Okay, I really did not want to spend more time arguing about methodology but there seems to be some simple points getting lost in cyberspace. Paul Krugman picks up on the debate between Simon Wren-Lewis and Tom Palley, coming down clearly on the side of the former.

I won't go through the blow by blow, but I do want to deal with the point Paul raises at the end of his post.

"And what’s going on here, I think, is a fairly desperate attempt to claim that the Great Recession and its aftermath somehow prove that Joan Robinson and Nicholas Kaldor were right in the Cambridge controversies of the 1960s. It’s a huge non sequitur, even if you think they were indeed right (which you shouldn’t.)"

Hmm, I don't quite see it that way. To me there is a very specific issue that Piketty raised that relates directly to the Cambridge controversies. He argued that the elasticity of substitution between capital and labor was greater than one. Therefore even as the amount of capital increased relative to labor, there was no reason that the rate of profit had to fall proportionately. This raises the prospect of an increasing capital share as economies get richer.

This relates to the Cambridge controversies since the Cambridge U.K. people argued that the idea of an aggregate production function did not make sense. They pointed out that there was no way to aggregate different types of capital independent of the rate of return. The equilibirum price of any capital good depended on the rate of return. Therefore we can't tell a simple story about how the rate of return will change as we get more capital, since we can't even say what is more capital independent of the rate of return.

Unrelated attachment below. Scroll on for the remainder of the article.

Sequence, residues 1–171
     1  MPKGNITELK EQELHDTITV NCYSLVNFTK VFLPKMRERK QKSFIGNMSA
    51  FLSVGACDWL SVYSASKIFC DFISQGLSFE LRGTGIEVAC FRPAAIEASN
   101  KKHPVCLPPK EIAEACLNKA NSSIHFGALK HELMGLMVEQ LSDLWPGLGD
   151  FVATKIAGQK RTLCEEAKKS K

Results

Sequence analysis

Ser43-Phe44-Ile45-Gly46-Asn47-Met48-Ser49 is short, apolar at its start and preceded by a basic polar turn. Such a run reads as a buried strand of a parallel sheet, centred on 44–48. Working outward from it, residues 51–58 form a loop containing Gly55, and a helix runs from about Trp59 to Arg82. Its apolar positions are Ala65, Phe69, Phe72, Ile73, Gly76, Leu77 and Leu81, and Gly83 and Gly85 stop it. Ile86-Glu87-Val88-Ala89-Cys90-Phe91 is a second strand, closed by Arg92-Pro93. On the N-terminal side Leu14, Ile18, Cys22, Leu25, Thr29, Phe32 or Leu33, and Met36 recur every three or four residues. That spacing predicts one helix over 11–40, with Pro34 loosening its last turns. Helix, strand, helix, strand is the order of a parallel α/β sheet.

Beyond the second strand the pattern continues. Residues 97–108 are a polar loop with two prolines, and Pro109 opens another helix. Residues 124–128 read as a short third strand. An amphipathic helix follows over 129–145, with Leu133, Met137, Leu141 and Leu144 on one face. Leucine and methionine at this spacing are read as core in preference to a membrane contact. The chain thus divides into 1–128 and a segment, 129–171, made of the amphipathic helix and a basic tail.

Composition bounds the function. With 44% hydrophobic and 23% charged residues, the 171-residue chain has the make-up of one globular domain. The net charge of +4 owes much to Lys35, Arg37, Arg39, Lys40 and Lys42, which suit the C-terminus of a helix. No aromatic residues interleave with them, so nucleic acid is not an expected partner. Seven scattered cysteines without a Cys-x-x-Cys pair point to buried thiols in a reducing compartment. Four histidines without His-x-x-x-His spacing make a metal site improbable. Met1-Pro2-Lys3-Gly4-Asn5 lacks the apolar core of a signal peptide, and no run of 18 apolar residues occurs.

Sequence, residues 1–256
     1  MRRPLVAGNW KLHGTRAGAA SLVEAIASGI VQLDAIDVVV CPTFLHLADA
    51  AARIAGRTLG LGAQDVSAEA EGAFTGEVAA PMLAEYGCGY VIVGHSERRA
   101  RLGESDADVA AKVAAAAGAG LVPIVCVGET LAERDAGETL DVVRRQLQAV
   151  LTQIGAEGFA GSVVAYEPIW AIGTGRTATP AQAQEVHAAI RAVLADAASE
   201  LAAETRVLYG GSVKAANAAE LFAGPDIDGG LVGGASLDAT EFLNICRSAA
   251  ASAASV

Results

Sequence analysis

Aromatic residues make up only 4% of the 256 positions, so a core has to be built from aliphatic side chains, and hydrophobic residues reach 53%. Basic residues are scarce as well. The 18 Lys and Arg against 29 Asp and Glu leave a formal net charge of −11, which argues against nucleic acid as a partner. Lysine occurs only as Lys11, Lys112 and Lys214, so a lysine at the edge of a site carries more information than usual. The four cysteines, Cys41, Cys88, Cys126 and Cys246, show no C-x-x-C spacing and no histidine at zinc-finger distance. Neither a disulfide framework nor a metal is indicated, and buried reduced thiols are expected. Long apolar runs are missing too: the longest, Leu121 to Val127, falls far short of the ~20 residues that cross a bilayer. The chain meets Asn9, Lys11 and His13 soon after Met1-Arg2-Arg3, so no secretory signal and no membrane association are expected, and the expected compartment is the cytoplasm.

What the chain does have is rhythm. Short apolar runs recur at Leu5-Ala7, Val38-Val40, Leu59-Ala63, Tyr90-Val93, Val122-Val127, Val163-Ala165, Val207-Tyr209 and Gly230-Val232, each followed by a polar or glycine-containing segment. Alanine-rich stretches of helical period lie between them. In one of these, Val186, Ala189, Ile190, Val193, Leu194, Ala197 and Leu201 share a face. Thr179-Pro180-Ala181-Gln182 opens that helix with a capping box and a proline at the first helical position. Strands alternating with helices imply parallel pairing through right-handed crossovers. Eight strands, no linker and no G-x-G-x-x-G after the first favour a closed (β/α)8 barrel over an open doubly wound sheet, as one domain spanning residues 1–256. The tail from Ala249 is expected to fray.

The takeaway from this, or at least my takeaway, is that we don't have a theoretical construct that we can hope more or less approximates how the economy actually works. The theoretical construct doesn't make sense. This means if we want to determine the rate of return to capital we should not be looking to elasticities of substitution, but rather the institutional and political factors that determine the rate of profit. 

The debate touched off by Piketty's claim about the elasticity of substitution will inevitably be a fruitless one. We are not going to find a technical relationship in past data that will tell us how profit shares will change as the ratio of capital to labor increases.

Does any of this mean that the Great Recession proved Joan Robinson and Nicholas Kaldor right? Not as far as I can see. Although it is pretty damning of the state of the economic profession that almost no one recognized the growth of housing bubbles in the United States and much of the rest of world, and that their collapse would create a hole in demand that would be extremely hard to fill.

I will say that I am a bit at loss to understand the meaning of Simon Wren-Lewis's comment that:

"As I said in my original post, I would like to make students aware of heterodox critiques, but I want to point out where in my mainstream account that critique would enter. (I think what I teach is pretty close to how many central bankers think, if not the rest of 'my tribe'!)"

It certainly is worthwhile to know what central bankers think, but is this supposed to be a source of legitimation? After all, even by the I.M.F.'s measures the wealthy countries are losing well over $2 trillion a year due to economies operating below potential GDP. The cumulative losses to the rich countries from the Great Recession are virtually certain to exceed $20 trillion and could well top $30 trillion. Is it supposed to be some sort of validation that the folks who got us here share your view of the world?